AT-AT Bunk Bed
Every now and then, we stumble across a Star Wars creation that makes us wish we were a kid again. Seen at the 2014 Auckland Armageddon Expo, the 3.6m long, 2.4m high AT-AT child’s bed made by Philip Magnussen of Katikati-based Paranooid Productions Ltd had exactly this kind of impact. I believe the correct response to such an encounter is to forget that the intended primary audience might be the youngling fans, and remember that when it comes to the appreciation of things Star Wars, the distinction between generations is blurred to the point of nonexistence…just admit that you really want one!
Philip built the All-Terrain Armoured-Bed to fit in his son’s normal double-bed-sized room, and duplicated the project to have a model displayed at the Armageddon Expo. It’s obviously more than just a piece of functional furniture – closer inspection reveals elements and features such as the action figure storage and playset space incorporated in to the vehicle cockpit! The details behind the whole enterprise are both remarkable and intriguing – Philip has taken the time to respond to our questions, as we sought to dig deeper in to the story behind this imposing construction…
What are the basic stats for the AT-AT: number of pieces, time to build, etc?
I built the first one out of love for my son and hence I stopped counting the hours at 400, and I figured the copy I created for the Armageddon show would take less time, however it still took 420 hours to complete. This is “chargeable time” only (that is actual productive work), not including hours in design, fixing mistakes etc.
The entire structure is made of 1260 pieces, virtually all hand cut (some others such as buckets, circuit boards etc. were sometimes used whole). The construction is a timber frame with plywood and MDF and some plastic/foam for detailing. The legs have over 500 pieces between them, while the head has nearly 400.
What is the basic process for designing and building the AT-AT?
The design process: I wanted to build a unique bed for my son who was 6 at the time. He loves Star Wars every bit as much as I did at his age. I sketched up a few ideas but the AT-AT has always been one of my favourites and the body shape is nearly perfect for a bed, so I quickly picked that design.
In order to fit a full sized mattress in the body (so my son hopefully wouldn’t grow out of the bed), I needed to make the body 2m long. This would have left the head pointing towards the wall which would have been boring to look at so instead I decided to angle the entire bed and have the head facing the door. This also allowed for a bunk bed next to the walker, and cut the bedroom in half diagonally allowing for a decent play space nearby.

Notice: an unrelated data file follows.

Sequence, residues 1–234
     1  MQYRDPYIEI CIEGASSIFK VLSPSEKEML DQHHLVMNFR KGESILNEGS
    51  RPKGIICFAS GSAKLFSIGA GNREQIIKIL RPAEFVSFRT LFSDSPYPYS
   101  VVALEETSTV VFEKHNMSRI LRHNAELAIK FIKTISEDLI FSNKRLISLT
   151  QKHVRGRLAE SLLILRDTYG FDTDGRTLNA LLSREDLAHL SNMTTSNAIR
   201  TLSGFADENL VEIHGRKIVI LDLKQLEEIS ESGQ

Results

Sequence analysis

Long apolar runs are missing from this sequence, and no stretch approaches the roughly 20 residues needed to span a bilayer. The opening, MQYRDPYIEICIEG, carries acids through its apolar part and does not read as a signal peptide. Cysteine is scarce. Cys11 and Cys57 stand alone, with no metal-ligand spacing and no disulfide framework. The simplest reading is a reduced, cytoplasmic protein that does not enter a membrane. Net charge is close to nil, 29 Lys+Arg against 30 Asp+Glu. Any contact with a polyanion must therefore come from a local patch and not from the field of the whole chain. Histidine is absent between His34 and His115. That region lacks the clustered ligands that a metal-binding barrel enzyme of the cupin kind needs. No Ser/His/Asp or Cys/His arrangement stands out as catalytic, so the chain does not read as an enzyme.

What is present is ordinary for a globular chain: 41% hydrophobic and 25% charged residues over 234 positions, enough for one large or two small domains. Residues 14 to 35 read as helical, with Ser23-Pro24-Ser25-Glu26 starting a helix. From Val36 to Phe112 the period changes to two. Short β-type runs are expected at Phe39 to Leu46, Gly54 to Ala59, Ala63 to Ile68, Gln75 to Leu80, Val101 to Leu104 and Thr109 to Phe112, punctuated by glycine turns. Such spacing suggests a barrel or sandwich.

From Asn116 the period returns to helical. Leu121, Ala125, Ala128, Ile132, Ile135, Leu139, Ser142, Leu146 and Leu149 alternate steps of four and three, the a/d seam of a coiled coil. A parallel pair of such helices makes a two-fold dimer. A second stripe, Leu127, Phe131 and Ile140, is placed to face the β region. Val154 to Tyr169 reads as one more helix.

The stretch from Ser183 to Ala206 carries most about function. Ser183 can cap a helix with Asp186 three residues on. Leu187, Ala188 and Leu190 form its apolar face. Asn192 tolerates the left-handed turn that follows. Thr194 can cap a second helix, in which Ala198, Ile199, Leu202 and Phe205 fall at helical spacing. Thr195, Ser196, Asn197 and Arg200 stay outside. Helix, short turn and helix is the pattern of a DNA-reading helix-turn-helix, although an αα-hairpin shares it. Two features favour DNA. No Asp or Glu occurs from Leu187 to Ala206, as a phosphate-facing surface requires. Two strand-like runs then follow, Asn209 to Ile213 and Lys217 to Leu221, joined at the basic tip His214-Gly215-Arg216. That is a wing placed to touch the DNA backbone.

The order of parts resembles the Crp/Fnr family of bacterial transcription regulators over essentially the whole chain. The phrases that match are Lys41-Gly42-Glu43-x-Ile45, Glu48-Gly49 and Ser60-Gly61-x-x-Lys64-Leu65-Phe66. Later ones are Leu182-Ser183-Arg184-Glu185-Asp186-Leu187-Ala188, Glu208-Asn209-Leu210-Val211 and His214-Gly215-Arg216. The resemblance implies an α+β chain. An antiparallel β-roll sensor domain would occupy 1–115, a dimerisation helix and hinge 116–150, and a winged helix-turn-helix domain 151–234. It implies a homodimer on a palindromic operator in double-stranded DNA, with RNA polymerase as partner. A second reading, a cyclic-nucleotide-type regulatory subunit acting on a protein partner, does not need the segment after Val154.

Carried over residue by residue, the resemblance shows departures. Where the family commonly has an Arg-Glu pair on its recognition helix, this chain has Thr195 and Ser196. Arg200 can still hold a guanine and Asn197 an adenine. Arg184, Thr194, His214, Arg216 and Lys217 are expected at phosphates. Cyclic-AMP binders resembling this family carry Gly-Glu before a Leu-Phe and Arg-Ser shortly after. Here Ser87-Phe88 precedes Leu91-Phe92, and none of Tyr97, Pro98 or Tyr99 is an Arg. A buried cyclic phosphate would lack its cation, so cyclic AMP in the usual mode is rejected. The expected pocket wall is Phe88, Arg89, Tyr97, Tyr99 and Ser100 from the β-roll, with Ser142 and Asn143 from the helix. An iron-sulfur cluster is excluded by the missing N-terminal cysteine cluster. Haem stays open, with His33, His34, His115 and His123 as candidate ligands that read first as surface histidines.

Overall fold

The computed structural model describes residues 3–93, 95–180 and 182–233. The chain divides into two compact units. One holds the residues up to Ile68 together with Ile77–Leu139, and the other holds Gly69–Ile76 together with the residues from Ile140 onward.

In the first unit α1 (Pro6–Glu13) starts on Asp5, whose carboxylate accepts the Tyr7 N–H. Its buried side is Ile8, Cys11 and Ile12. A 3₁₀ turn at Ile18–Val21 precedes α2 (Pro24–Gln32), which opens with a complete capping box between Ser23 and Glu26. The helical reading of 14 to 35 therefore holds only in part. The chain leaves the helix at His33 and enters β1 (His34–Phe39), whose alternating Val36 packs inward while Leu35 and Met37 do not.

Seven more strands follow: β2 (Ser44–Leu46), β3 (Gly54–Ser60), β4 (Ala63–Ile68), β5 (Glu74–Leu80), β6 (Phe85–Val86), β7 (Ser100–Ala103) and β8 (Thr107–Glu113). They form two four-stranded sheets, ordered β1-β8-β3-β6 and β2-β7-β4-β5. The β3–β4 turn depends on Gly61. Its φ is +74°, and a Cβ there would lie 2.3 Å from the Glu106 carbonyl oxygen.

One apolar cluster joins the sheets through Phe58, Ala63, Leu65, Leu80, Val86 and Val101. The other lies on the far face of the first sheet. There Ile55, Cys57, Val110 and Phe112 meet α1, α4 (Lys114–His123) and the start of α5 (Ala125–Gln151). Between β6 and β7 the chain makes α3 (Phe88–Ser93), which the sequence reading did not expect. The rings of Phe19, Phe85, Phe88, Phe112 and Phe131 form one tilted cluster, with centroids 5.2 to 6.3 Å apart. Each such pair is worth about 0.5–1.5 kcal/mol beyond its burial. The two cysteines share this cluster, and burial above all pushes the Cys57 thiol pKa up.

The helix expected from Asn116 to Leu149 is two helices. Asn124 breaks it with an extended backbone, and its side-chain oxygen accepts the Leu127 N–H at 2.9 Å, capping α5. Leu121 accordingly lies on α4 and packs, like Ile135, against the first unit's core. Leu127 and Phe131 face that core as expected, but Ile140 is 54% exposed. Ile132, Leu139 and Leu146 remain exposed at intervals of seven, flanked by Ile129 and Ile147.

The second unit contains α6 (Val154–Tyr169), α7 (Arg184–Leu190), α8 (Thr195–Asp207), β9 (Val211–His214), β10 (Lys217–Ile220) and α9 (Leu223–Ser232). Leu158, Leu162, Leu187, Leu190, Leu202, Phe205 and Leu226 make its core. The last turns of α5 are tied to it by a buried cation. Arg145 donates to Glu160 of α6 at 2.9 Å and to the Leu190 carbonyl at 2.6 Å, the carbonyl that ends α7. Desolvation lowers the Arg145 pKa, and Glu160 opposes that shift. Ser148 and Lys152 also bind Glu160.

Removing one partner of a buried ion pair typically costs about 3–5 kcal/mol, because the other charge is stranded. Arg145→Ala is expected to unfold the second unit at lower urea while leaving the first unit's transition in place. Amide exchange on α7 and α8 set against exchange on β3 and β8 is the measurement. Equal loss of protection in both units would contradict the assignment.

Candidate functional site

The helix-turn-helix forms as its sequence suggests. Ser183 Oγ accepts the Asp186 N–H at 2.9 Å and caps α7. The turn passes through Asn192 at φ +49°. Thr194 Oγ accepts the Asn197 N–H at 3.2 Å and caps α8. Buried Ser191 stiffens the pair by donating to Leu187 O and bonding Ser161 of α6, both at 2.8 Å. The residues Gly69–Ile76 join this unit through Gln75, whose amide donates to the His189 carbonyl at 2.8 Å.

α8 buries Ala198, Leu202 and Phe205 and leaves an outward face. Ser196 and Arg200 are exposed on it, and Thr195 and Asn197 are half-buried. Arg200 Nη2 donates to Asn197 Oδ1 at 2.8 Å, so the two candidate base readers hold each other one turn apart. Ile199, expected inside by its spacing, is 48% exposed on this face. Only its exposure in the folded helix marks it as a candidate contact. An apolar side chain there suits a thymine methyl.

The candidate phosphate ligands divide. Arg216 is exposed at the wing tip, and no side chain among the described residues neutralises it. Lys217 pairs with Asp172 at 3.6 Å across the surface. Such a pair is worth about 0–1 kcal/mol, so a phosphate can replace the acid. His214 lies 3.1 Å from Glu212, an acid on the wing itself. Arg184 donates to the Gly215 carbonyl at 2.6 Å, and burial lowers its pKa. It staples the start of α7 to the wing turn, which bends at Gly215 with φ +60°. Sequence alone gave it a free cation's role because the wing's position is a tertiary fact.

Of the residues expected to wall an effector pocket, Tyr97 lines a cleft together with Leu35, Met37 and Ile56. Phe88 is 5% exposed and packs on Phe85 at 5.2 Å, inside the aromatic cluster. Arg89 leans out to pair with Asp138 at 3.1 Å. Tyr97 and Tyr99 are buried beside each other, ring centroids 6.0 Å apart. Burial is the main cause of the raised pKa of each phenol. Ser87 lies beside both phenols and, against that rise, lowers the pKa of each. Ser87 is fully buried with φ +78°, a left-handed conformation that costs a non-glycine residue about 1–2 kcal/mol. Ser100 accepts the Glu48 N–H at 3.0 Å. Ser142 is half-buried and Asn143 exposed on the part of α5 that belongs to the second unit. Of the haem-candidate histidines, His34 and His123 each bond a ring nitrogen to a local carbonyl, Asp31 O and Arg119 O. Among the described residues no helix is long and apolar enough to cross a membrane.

I wanted to have a dramatic pose so I from the start I planned to have one leg bent. This was possible by having the platform as the “fourth” leg, creating one strong structure that would take the weight of several kids at once.
From there it was a simple matter of sculpting the original movie design to fit the space. I am very pedantic when it comes to models – they have to have the right proportions (so many of the toys are simply “wrong”!) So I tried to keep it as true to the original as possible. The main changes I had to make was that the body had to be wide enough to fit the mattress and keep the beveled shape. The legs had to be short enough to keep the mattress at the height of the top bunk of a normal bunk bed.
The head had to be large enough to be menacing compared to the body, and hence it was scaled up. At first the head was just going to be a box, but then I thought “why not make it a storage compartment?” followed immediately by “why not make it a play set!” The larger size therefore allowed room for more figures.
The platform needed to be high enough to allow access to the bed beneath, while being low enough for my son not to have to stoop every time he got out of bed. I chose stairs in the original design as I wanted a safe method for him to get out of bed with no lights on.
Building: The entire piece is hand made. The feet are solid, cut in rings from 18mm MDF, in order to give it a low centre of gravity. There is a timber frame running through the three straight legs, under the body, and out to the head. The base of the body is made of plywood for extra strength. (To demonstrate how strong it is there were 5 big guys at once crammed into the bed at Armageddon for a group photo!)